When local law enforcement voluntarily cooperates with or works on behalf of Immigration and Customs Enforcement (ICE), significant gaps in trust and cooperation grow between immigrant communities and the police. Local police and county jails in New Jersey routinely cooperate voluntarily with ICE by honoring warrantless detainer requests and administrative warrants issued by ICE; provide access to jail facilities to ICE agents; provide inmates in their custody to ICE for interviews or other investigative purposes; and use local resources to notify ICE of an inmate’s pending release. New Jersey localities should not be in the business of immigration enforcement—except where required by law.

With such close ties between local law enforcement and ICE, immigrants are less likely to report crimes, act as witnesses in criminal investigations and prosecutions, or provide intelligence to law enforcement. Better community policing depends on trust with every community.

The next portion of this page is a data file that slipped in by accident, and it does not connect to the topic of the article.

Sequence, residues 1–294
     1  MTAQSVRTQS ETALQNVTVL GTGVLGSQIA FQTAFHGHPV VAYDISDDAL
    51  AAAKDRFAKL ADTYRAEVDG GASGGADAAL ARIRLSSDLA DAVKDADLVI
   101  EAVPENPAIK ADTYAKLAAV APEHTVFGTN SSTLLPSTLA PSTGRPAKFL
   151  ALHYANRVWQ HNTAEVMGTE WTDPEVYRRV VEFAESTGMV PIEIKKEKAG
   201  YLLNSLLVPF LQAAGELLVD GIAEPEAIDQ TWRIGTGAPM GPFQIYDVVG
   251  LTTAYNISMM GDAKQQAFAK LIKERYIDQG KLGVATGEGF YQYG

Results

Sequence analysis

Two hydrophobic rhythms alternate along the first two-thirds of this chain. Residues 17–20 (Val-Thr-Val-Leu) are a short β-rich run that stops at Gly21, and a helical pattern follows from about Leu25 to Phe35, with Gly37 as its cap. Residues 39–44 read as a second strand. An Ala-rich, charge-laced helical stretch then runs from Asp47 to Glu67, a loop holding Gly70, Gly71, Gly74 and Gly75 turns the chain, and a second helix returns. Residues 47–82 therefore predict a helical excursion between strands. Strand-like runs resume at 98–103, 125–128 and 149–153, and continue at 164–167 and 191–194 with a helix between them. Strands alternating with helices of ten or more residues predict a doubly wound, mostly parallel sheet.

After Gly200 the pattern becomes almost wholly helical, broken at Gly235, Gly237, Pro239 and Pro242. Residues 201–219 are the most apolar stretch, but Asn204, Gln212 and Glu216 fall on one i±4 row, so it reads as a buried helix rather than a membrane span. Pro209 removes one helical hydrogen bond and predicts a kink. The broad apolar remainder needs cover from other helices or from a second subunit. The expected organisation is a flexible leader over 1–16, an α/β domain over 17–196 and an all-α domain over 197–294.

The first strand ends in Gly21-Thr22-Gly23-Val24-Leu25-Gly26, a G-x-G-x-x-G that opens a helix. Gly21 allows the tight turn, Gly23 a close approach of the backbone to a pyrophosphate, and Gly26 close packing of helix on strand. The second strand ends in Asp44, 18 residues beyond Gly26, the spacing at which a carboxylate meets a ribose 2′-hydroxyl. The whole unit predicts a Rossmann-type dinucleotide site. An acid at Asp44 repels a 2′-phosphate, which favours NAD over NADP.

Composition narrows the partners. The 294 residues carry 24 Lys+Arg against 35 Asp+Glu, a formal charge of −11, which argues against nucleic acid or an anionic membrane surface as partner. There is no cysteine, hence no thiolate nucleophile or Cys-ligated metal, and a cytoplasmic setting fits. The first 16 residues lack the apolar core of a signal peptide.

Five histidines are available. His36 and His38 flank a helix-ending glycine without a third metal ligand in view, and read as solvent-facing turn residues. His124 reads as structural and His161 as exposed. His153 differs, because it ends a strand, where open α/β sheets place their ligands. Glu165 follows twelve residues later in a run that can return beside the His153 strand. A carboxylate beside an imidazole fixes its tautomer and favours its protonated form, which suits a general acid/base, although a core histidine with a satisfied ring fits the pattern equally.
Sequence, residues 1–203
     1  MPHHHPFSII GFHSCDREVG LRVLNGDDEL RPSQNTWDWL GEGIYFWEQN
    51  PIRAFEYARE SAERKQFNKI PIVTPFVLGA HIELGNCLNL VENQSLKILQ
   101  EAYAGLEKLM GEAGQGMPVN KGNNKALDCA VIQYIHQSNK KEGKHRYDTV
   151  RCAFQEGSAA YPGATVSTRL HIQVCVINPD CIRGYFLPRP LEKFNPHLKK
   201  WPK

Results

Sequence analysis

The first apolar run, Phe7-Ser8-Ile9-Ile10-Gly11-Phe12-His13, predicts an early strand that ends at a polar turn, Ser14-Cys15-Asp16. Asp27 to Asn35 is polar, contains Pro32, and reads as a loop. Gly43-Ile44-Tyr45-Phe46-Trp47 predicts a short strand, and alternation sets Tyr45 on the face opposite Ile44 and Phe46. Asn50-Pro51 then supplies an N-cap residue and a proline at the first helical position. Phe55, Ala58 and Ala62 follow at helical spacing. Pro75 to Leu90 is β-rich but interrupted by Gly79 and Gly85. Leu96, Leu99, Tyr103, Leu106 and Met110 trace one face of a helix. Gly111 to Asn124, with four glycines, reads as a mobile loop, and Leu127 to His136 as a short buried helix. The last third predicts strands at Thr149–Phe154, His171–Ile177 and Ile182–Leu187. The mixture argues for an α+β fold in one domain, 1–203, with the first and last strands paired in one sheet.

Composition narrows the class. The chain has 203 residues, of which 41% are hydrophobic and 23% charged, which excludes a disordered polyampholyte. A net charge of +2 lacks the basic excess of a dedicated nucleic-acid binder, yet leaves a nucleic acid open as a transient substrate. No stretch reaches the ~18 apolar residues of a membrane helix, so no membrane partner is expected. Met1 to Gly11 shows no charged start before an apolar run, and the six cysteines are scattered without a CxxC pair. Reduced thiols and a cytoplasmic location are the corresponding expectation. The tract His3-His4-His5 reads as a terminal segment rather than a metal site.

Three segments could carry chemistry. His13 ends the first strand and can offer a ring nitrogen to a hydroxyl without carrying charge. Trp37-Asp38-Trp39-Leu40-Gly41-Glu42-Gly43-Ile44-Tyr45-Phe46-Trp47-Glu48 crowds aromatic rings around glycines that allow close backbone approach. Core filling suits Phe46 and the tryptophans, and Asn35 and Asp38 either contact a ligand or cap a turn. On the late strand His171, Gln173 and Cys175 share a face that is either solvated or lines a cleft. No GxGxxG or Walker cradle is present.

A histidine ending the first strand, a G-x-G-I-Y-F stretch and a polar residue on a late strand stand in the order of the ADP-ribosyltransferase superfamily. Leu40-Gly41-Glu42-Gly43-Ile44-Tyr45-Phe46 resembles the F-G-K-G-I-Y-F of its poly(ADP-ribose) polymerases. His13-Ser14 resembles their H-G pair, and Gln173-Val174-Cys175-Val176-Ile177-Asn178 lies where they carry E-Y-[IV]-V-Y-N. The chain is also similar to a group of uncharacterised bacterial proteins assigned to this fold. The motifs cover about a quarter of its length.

NJAIJ urges municipalities and counties to join localities around the country in adopting policies declining to cooperate with ICE requests to detain an individual unless ICE provides a judicially-issued warrant, and declining to use local resources to facilitate ICE enforcement, except where required by law.